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Hold My Hand

“Draw near to God and He will draw near to you.”  James 4:8

When my son was much younger he was afraid of thunderstorms, especially those that came through at night.  Like every child, he wanted to be near his parents, where he felt safe; but he was at the age where he really wanted to be “a big boy.”  He didn’t want to give in to his fears, but his fears were very real.  I’ve been there, and I am sure you have as well.

I remember one night in particular, when a storm rolled in just as his dad and I were going to bed.   He said to me, “Mommy, I’m just gonna lay down here by your bedroom door.  I really don’t need to get in your bed anymore.”  “Okay son that is a good idea.  I am here if you need me.” And so he curled up with his pillow and blanket by the door.  The thunder crackled outside and lightning flashed through the sky.  “Mommy, I am going to lay down here on the floor beside your bed. Don’t step on me Mommy!”  “Okay son, I will be careful not to step on you. I’m here if you need me.”  Another bright flash followed by a crash of thunder.  “Mommy will you put your hand down here so I can hold it?”  “Of course son, here’s my hand. I’m here if you need me.”   Suddenly the sky lit up and a “BOOM!” rattled the windows.  “Mommy, I’m comin’ up there!”  And in just a few minutes, nestled in my arms, one hand reaching out to touch his dad, my son was fast asleep, even as the storm raged on.

Doesn’t life throw some awfully frightening storms our way at times?  The rain pounds down on us and we frantically search for a safe haven from the lightning.  I think the emotional and mental thunder is the worst.  The crash of a breaking heart, the crackle of frayed nerves and the BOOM that rattles our lives makes us want to reach out to someone, anyone who will comfort us and make us feel safe and secure.  Where do grown-ups go when the storms roll through?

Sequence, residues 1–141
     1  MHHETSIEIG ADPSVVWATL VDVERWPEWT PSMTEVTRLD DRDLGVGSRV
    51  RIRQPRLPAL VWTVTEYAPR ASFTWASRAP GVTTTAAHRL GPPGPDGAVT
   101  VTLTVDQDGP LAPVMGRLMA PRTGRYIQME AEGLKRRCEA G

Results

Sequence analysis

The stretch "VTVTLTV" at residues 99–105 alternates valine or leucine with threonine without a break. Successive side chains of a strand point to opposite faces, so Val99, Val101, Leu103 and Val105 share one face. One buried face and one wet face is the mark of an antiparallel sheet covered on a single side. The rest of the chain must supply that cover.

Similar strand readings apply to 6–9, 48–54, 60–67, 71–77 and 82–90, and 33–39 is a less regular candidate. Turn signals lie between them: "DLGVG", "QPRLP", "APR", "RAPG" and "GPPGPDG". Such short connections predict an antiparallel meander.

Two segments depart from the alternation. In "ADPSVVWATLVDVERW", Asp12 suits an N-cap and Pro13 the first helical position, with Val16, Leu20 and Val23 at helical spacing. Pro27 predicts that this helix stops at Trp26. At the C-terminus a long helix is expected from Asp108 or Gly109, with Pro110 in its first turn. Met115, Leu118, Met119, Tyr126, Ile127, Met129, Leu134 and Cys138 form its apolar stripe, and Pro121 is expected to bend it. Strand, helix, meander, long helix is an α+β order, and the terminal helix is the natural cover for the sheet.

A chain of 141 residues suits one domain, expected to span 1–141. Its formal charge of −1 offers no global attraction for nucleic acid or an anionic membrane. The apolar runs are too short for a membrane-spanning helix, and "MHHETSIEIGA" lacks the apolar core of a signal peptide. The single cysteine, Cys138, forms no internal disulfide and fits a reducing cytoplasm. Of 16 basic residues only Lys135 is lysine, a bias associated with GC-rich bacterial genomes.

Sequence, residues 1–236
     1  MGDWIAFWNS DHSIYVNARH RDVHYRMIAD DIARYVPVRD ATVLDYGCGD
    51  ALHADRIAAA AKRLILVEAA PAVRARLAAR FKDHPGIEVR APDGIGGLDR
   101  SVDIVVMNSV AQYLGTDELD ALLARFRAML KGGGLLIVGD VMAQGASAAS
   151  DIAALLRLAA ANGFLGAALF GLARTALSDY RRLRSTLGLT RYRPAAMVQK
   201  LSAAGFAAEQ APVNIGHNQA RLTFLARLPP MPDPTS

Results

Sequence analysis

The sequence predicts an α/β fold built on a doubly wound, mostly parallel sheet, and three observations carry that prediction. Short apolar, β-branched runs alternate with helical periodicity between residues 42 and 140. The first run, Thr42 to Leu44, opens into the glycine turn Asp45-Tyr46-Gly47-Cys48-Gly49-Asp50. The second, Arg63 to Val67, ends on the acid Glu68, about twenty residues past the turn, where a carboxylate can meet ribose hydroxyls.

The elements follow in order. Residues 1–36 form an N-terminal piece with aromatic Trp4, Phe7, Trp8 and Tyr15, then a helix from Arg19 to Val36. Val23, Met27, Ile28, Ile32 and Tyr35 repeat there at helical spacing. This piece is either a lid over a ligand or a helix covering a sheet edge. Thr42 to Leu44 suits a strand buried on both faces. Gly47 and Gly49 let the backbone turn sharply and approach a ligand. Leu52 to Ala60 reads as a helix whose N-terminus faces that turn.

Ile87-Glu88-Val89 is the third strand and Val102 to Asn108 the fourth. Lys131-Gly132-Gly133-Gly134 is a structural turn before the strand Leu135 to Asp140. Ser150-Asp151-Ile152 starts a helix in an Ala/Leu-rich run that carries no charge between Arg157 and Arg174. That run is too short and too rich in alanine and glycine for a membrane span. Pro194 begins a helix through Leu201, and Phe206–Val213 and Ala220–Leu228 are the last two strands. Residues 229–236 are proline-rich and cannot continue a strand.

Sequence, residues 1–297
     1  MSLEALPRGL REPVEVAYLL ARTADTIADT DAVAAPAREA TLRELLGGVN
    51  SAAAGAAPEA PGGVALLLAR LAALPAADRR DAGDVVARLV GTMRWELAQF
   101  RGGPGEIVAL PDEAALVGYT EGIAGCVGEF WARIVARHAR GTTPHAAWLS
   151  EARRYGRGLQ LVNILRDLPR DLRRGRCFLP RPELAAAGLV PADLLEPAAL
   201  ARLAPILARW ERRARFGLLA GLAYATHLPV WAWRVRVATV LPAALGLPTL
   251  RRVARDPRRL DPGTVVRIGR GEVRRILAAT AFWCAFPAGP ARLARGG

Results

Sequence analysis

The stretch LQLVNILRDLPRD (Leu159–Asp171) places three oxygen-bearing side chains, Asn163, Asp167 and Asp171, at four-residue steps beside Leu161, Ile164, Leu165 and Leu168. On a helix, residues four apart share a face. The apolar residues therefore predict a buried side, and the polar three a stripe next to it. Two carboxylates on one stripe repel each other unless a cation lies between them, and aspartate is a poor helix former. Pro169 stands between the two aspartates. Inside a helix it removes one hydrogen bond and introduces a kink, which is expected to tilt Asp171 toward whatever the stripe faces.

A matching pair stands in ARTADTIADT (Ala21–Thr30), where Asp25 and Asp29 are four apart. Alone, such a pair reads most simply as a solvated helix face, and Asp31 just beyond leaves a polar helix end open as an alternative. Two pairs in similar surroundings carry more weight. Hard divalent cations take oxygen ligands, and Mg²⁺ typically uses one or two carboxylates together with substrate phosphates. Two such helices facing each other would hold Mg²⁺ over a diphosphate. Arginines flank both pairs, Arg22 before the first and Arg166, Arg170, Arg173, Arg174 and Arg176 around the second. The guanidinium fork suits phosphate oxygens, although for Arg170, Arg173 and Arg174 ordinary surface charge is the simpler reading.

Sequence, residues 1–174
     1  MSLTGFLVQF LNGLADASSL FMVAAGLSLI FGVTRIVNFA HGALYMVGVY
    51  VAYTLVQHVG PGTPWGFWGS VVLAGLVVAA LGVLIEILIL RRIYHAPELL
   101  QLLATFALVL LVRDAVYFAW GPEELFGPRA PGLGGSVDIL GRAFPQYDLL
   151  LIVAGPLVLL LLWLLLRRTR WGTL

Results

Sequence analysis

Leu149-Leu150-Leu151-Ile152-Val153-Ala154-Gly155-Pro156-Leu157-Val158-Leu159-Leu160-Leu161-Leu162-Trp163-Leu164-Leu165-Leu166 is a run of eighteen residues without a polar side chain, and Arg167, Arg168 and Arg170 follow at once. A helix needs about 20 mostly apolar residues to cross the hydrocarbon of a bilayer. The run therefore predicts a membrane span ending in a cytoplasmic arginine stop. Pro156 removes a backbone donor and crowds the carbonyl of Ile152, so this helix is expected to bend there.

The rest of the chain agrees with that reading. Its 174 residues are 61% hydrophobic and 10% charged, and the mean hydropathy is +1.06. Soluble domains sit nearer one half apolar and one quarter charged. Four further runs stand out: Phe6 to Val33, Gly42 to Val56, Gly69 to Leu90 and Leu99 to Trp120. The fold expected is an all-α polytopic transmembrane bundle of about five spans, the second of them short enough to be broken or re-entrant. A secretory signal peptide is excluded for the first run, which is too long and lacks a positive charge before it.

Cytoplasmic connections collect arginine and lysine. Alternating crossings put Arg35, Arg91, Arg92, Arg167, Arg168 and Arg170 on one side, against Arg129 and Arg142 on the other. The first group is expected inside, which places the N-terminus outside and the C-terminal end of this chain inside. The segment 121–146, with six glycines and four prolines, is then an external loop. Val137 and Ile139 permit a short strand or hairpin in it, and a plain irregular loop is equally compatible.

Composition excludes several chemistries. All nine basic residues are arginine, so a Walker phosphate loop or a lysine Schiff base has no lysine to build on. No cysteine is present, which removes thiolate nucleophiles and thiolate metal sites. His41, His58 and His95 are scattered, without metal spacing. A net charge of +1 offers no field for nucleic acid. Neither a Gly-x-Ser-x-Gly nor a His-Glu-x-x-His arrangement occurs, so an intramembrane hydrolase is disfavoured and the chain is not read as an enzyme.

Like many, I turn to the Word of God, and especially the Psalms. Psalmists like King David and Aseph, one of the Temple musicians, peppered the book of Psalms with both pleas and praise for God’s protection during stormy seasons.   God is called, a “shield” (Ps. 3:3, 5:12, 7:10,), a “refuge and stronghold” (Ps. 9:9), and a “place of shelter” (Ps. 55:8), just to name a few.  David finds security “in the shadow of [God’s] wings” (Ps. 17:8).  One of my favorite phrases is “But God…”  Over and over again, the Psalmist expresses his fears over the storm he is in, and then turns his heart around by saying “But God…” as he proclaims his confidence and trust in the Lord.  Psalm 73 could have been my son’s verse: “Yet I am always with You; You hold me by my right hand.”  And David expressed what I am sure were his feelings that stormy night: “I will lie down and sleep in peace, for You alone, O Lord, make me dwell in safety.” (Psalm 4:8).

Remember how Jesus calmed the storm in Mark 4: 35-41, and even walked on the tumultuous waves in Matthew 14:22-33?  He is still walking out on the choppy seas of your life and mine to calm the storm around us. Life is hard, but you don’t have to face it alone.  You have a Shield, a shelter and a refuge. Storms will come, of that we can be certain.  But God… God calls out “I’m here if you need me.”  He holds His arms open wide to draw His child near, and in the arms of God is peace, safety, security…and rest.

Holy Father, like a little child, I will draw close to You when the thunder crashes, all the way up into Your strong and reassuring arms.  You are my comfort in the storms of life.  Amen.